MANKATO — By as early as this fall, a nearly five-acre plot of land atop Thompson Ravine and visible from Highway 14 will be home to a large solar farm being constructed by the School Sisters of Notre Dame.
State regulators recently approved a $900,000 grant from the Xcel Energy Renewable Development Fund for the $1.8 million project.
"It's very exciting for us," said Bill Ward, facilities administrator at Good Counsel.
The array will be at the intersection of Highway 14 and Victory Drive North, just west of the Kwik Trip at Victory and Raintree Road. It will be on Good Counsel's land, east of the main campus.
At nearly 1 megawatt (907 kilowatts), the project will power about 115 homes. Compared to existing solar farms in the state, it would be among the biggest with the largest being a 2-megawatt array near Slayton. But several significantly larger solar projects are slated for construction, including several proposed by Geronimo Energy that would include a 5.5-megawatt project near Eagle Lake.
Ward said the rest of the funding for the project is coming from a group of investors put together by Hopkins-based Best Power International, which will oversee construction and management of the solar farm. Best Power will take advantage of solar tax credits and will lease the power generated from the array to Xcel Energy. Best Power has done several similar projects in Minnesota.
After seven or eight years, SSND will take ownership of the array and will continue to use Best Power as a management firm and will continue to lease the electricity to Xcel, with SSND getting the lease payments.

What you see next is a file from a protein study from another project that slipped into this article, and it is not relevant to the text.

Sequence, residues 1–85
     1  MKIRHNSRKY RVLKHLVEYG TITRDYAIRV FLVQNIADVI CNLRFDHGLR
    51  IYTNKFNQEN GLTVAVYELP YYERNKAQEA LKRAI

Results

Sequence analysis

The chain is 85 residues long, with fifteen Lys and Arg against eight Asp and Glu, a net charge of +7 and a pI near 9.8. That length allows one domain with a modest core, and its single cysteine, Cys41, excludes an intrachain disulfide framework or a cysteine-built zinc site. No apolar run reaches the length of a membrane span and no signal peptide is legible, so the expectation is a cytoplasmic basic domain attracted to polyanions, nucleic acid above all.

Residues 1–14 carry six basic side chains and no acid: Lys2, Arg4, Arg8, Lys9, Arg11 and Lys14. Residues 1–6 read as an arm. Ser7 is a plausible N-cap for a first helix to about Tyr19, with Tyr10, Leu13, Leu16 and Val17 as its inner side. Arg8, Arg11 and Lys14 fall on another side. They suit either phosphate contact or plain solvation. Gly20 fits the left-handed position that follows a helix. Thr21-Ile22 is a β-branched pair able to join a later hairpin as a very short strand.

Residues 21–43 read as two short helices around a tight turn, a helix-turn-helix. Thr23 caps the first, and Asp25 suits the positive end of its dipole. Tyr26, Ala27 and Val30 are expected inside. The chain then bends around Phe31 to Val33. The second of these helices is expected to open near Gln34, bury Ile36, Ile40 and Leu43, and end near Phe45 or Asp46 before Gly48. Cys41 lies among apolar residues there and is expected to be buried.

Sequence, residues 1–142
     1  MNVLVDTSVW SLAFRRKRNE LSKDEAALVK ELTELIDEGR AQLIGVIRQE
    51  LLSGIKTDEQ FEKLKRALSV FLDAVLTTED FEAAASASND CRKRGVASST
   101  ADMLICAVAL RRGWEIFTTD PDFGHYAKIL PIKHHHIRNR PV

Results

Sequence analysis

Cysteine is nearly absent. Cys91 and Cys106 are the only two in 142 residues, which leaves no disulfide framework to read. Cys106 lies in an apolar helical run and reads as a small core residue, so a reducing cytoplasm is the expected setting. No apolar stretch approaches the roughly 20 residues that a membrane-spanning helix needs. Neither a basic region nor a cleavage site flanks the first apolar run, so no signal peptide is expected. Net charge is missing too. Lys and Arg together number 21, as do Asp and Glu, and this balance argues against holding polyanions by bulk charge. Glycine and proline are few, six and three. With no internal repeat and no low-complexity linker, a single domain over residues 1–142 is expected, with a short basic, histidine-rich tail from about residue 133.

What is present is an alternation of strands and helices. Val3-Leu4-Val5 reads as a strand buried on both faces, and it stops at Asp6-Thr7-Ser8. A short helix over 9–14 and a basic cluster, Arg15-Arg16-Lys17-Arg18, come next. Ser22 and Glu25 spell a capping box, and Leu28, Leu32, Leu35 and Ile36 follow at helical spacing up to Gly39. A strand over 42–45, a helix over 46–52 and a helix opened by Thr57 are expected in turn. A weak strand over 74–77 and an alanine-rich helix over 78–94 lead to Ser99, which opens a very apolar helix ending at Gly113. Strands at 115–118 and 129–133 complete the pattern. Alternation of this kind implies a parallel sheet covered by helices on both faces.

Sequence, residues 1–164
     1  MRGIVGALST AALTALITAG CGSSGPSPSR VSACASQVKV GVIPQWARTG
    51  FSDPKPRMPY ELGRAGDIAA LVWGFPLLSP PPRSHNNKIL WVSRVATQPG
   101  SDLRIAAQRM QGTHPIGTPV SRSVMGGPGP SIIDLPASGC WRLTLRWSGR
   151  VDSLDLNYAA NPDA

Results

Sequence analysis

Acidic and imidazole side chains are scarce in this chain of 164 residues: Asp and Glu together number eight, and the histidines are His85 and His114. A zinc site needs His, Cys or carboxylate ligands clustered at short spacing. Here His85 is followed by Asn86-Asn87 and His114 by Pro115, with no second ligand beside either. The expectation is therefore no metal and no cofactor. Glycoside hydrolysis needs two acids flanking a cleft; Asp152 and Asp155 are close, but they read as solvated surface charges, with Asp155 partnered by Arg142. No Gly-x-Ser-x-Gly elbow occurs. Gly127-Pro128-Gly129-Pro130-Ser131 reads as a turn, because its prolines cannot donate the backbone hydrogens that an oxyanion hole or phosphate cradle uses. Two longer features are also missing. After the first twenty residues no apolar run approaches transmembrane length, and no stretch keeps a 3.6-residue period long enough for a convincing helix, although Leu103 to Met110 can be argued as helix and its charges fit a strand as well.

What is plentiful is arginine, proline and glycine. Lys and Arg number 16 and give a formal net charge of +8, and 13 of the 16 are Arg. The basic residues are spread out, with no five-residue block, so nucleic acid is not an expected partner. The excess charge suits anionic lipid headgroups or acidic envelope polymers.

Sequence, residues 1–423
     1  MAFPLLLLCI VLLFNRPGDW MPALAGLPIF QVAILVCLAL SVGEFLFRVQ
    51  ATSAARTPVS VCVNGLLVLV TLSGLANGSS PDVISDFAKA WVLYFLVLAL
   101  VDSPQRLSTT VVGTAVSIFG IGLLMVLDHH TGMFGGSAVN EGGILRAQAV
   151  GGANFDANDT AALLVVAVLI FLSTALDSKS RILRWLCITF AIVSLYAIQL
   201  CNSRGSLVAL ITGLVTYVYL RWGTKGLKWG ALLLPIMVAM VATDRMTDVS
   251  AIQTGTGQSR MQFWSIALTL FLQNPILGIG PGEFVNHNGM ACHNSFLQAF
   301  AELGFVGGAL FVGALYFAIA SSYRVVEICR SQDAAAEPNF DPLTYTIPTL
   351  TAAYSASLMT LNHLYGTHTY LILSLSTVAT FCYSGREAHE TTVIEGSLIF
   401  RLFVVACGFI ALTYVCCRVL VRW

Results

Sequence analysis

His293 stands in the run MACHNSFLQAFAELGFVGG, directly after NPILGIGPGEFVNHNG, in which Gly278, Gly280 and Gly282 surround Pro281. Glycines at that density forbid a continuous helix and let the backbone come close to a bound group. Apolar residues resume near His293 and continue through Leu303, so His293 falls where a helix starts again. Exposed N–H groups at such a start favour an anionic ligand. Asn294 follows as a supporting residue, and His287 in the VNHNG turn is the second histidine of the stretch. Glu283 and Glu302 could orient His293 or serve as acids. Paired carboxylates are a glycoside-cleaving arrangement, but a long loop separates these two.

"The power won't be going to the SSND grid at this point," Ward said, but said that could change in the future.
Ward said the Good Counsel sisters hope the solar farm will be a destination for educational opportunities for area school children and college students.
"The sisters could have done a lot of things with that property, but they really thought this would be good for the community."
Indeed, Ward said the property, tucked along bluffs and in a prime location, has drawn plenty of offers from developers over the years.
Ward said the best scenario would be for construction this fall, but he said it will more likely be spring of 2015.
"Once they start it doesn't take long to build."
The fenced-in solar array will have stationary solar panels, rather than the more complex ones that follow the sun.
The grant to SSND was one of dozens of solar-electric generating projects across the state that received funding.
The Public Utilities Commission approved $42 million in Xcel grants
Other grants will subsidize a solar array atop Target’s St. Paul Midway store, one for the new St. Paul Saints stadium, Edison High School, a wastewater treatment plant in Shakopee and several Minneapolis city parks.
The awards come a month after a state administrative judge endorsed a separate $250 million project by Edina-based Geronimo Energy to build about 20 other large solar arrays across the state. That project awaits final regulatory approval and faces opposition that could derail it.
Geronimo has obtained leases or options to buy 23 plots of land near Xcel substations and intends to construct multi-acre arrays of solar panels on 20 of them. The parcels include an 84-acre site near Waseca that would produce 10 megawatts of power — matching ones planned in Albany and Paynesville as the largest in the state.
Another near Eagle Lake would be eighth largest, producing 5.5 megawatts on a 47-acre site. The one near Lake Emily just east of St. Peter would be among the smallest at 2-megawatts, but even that would equal the current largest solar array in Minnesota, located near Slayton.